A delegation of Indian IT sector executives led by NASSCOM Chairman Mr. C.P. Gurnani and President Mr. R Chandrashekhar has concluded a visit to Washington, DC, in which they engaged in a number of meetings with key policymakers in Congress and the Trump Administration, as well as several important allies from US industry and elsewhere. The group was in Washington from February 27 through March 2 to continue the dialogue with U.S. policymakers on the contributions of the Indian IT sector to the U.S. economy, in the overall context of the increasingly important U.S.-India relationship.
Specific topics of discussion included the H-1B visa program, which faces calls for new restrictions by some members of Congress and some allies of President Trump. Among those officials met with were Rep. Darrell Issa (R-CA) and Rep. Zoe Lofgren (D-CA), influential members of Congress who have sponsored legislation on the issue; as well as key congressional staff and officials in the White House, the Department of Homeland Security, and the office of the U.S. Trade Representative.
The group attended a reception for the National Governors Association at the residence of Indian Ambassador Navtej Sarna that was also attended by more than 25 U.S. state governors, along with CEOs of U.S and Indian companies, and key governmental officials. Last month, NASSCOM met with a delegation of members of Congress visiting India, including House Judiciary Committee Chairman Bob Goodlatte (R-VA).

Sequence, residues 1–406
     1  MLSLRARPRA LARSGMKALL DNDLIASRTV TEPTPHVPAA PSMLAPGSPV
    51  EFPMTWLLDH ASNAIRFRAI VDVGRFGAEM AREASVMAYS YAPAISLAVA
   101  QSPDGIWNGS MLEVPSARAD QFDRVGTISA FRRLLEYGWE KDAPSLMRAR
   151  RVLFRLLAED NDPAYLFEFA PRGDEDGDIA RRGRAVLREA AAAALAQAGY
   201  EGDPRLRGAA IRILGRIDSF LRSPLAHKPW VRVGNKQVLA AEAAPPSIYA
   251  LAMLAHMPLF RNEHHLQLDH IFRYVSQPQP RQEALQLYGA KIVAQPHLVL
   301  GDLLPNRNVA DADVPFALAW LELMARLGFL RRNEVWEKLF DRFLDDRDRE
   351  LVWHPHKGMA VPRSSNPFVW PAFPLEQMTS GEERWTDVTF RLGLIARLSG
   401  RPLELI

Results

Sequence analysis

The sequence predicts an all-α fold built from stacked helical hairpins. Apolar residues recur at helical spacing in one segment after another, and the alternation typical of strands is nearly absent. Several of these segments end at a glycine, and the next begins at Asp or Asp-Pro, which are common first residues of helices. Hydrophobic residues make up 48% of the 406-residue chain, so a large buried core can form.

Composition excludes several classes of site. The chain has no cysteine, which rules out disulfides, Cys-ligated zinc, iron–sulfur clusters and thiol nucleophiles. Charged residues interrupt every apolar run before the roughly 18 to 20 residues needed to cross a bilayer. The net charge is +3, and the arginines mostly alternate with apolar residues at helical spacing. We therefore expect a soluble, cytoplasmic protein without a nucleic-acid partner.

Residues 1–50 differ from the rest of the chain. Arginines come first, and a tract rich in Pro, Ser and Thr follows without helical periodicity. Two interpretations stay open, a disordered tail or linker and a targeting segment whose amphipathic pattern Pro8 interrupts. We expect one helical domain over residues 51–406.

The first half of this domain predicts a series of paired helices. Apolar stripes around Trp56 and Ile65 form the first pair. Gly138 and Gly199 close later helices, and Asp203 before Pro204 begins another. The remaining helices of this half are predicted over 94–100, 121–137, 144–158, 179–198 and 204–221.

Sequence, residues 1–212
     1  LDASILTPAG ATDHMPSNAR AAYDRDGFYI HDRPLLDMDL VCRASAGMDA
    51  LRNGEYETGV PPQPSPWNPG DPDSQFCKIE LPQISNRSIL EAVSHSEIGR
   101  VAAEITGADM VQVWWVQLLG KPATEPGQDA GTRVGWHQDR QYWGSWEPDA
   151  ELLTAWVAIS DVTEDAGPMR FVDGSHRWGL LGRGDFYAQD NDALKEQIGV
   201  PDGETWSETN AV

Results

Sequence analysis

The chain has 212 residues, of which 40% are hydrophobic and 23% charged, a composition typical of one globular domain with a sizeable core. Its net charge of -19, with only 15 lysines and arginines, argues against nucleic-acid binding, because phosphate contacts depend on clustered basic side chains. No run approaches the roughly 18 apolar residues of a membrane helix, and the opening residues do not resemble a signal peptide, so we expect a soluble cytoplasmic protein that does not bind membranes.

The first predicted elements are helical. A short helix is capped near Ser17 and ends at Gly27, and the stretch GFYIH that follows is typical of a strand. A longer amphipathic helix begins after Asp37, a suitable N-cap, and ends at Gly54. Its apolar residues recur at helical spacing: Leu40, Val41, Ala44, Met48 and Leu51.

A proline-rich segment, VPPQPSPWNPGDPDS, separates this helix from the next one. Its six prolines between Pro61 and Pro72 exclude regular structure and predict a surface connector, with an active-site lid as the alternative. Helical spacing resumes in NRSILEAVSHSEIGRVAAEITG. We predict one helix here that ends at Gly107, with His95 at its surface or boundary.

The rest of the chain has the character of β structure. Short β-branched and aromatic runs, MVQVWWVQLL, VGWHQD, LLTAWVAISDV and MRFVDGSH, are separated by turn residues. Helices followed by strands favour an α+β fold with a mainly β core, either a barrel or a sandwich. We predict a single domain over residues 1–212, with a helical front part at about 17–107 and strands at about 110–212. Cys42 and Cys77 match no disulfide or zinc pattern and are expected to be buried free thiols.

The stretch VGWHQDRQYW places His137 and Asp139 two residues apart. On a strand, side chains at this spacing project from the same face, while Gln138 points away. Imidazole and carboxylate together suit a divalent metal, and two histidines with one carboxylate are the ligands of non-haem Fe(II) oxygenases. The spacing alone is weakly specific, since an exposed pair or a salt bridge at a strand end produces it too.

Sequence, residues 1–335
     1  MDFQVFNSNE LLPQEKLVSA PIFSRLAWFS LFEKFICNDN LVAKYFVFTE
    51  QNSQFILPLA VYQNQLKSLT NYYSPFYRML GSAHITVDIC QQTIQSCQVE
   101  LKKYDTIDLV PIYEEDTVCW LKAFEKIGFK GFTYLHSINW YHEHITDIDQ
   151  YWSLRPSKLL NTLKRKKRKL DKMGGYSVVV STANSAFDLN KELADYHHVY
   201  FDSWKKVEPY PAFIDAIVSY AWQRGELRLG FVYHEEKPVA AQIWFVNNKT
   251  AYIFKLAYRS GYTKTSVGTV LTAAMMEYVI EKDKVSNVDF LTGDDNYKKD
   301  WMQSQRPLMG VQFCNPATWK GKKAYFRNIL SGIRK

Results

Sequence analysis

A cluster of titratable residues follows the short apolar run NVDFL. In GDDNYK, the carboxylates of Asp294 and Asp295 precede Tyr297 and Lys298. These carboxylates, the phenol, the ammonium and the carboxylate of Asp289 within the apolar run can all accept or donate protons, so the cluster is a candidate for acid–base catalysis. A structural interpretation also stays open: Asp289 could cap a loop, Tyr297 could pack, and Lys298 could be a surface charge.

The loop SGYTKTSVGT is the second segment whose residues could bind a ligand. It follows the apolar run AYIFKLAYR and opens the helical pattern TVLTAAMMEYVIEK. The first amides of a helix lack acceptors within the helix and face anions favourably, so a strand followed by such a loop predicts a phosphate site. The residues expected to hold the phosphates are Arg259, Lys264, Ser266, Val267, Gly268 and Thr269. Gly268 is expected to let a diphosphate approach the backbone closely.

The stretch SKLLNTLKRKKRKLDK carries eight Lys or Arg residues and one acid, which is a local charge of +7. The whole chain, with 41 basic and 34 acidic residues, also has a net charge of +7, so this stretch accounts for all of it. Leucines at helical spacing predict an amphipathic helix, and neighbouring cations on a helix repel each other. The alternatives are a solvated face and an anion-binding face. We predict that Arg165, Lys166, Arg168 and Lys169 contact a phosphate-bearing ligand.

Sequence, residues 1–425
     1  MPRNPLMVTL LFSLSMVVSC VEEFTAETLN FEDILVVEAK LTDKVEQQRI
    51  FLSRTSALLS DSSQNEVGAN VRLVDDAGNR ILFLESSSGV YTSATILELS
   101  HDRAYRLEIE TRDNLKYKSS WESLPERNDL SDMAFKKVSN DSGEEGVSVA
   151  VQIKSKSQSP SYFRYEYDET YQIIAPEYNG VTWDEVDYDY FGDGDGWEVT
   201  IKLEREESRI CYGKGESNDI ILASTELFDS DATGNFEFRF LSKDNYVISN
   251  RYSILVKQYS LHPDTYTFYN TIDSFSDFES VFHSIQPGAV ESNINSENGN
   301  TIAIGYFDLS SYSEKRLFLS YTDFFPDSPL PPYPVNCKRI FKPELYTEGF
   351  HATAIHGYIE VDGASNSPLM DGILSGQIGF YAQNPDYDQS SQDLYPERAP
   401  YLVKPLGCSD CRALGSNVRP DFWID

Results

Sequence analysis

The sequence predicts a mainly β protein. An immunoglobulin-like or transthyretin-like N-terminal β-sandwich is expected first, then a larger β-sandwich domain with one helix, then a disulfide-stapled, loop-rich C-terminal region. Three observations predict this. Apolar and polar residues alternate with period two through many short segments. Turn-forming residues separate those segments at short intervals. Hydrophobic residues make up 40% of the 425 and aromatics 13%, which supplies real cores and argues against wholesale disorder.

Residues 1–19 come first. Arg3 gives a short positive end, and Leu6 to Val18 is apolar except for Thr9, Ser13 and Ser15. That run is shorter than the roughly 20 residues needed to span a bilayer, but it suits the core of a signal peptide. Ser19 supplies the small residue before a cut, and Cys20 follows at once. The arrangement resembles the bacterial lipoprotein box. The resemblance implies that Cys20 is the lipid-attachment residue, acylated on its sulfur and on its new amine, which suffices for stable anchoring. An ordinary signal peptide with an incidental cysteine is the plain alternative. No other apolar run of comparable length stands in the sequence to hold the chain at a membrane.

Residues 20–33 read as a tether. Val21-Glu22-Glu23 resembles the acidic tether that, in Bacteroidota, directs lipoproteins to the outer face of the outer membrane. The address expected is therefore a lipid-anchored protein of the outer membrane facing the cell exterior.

"From our recent meetings, it is clear that our sector has more work to do in educating U.S. policymakers on the mutual benefits of strong India-U.S. trade in IT services," said Mr. R. Chandrashekhar, President, NASSCOM. "In some cases, those benefits and the actual workings of the visa programs are not well understood.
"That said, we remain hopeful that further dialogue between government and business leaders in both nations will lead to a better understanding of the high-skill visa issues, which will in turn inform constructive reforms," he added. "We appreciated the openness of the policymakers and their advisors to engage in substantive, candid discussions."
India-U.S. Trade in IT Services Helps Make the U.S. More Competitive
By helping thousands of U.S. businesses improve their operations, create new products and services, and gain market share, India-based IT companies doing business in the United States are protecting and creating jobs for Americans. Every reputable data source - from the U.S. Department of Labor and National Science Foundation to the Brookings Institution - has documented a growing shortfall between the supply and demand for computer science majors in the U.S. workforce, especially in cutting-edge fields such as cloud, big data, and mobile computing.
Without access to high-skilled IT workers on visas, many U.S. companies would be forced to choose between shifting more IT work offshore or delaying innovation. Either approach would reduce overall employment for Americans. NASSCOM believes additional restrictions on the H-1B or L-1 visa systems would hurt thousands of U.S. businesses by hindering access to much-needed talent.
Further, any new requirements aimed at protecting U.S. workers should be applied to all visa sponsors to ensure a level playing field and equal protection of all workers. Most of the existing legislative and administrative proposals would not actually protect American workers, since the proposed restrictions would be applicable only to a small group of companies that account for a minority of new visas issued.
"As responsible corporate citizens, our members comply with all applicable laws and regulations, employ over 100,000 in America and continue to add additional U.S. citizens in well-paying jobs by the thousands; and support efforts towards local hiring and skill building," said Mr. R. Chandrashekhar. "Now is the time to identify new measures that will maximize the synergies between our nations, create jobs in the US and India, and expand bilateral trade and investment."